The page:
[an error occurred while processing this directive]
Calvin Observatory
Weather Forecast
Cool Images
Observing Request
External Links
Related Links
Wildrik Botjes Planetarium
Physics & Astronomy Department

Astr110 Photography Projects, Spring 2010

Previous imageUp to Astr110 IndexNext image

M94, Kyle Mast


Galaxy M94 was discovered on March 22, 1781 by Pierre Mechain and then. It is located in the Canes Venatici constellation, and it is just outside of the local group of galaxies. M94 is a spiral galaxy that has a wide range in brightness when comparing its inner and outer areas. You can tell that this is a spiral galaxy because of its arms that seem to spin around the center of the galaxy, making it look like a spiral. M94 is an interesting galaxy because it is potentially two galaxies that are combining. Information from the Hubble Space Telescope has shown that the galaxy is a double source, suggesting that it is made up of two galaxies.

M94 is a spiral galaxy with a bright inner region that is filled with areas with new stars. The inner disk's color is predominately bright yellow stars and it does not have a spiral pattern. Outside of the inner disk, there are young blue star clusters, which are visible in the image above. The outer reaches of galaxy M94 are less visible and are more yellowish in color. The M94 galaxies angular size is about 6.5 arcminutes. The distance to the galaxy is about 14,500 kly. Knowing the angular size and the distance to the galaxy, I was able to calculate the linear size of the galaxy as 27,000 light years.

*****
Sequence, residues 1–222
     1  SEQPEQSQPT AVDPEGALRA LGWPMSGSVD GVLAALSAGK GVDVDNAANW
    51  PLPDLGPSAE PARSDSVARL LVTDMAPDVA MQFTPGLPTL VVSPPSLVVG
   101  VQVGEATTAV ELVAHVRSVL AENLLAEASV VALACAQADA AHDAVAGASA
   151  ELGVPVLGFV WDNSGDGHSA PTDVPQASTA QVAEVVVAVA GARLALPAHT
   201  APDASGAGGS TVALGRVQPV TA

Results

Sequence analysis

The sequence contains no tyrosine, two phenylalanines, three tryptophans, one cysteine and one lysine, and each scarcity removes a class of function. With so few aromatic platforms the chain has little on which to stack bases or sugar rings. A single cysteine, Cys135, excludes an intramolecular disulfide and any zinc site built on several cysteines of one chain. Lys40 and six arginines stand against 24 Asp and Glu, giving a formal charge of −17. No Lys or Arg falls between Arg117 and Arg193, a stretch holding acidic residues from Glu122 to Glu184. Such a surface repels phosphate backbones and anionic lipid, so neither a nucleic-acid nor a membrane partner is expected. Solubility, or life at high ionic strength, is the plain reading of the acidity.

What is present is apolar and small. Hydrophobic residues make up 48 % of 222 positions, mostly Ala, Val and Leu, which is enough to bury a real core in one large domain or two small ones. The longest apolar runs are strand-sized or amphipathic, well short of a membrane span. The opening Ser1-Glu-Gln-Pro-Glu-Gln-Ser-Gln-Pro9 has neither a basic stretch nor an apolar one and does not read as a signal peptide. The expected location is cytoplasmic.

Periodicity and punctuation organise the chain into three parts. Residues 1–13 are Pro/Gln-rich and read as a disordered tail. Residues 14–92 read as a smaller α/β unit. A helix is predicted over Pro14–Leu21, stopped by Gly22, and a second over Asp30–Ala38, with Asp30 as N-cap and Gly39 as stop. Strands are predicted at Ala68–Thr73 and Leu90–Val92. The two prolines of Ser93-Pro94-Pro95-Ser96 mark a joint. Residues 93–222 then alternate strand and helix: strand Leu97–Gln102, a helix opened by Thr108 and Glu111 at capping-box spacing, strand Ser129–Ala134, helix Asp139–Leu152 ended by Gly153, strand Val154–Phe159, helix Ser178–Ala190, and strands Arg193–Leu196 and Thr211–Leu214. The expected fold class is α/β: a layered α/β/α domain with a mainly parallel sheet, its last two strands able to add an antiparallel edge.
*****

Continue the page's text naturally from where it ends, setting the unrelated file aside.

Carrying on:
Normandin, George. "Spiral Galaxy M94" http://www.kopernik.org/images/archive/m94.htm.

Frommert, Hartmut and Kronberg, Christine. "Messier 94." http://seds.org/messier/m/m094.html

Right Ascension (J2000) 12:51:25
Declination (J2000) +41:4803:0033
Filters used blue(B), green(V), red(R), and clear(C)
Exposure time per filter 5x per filter
Date observed

March 2, 2009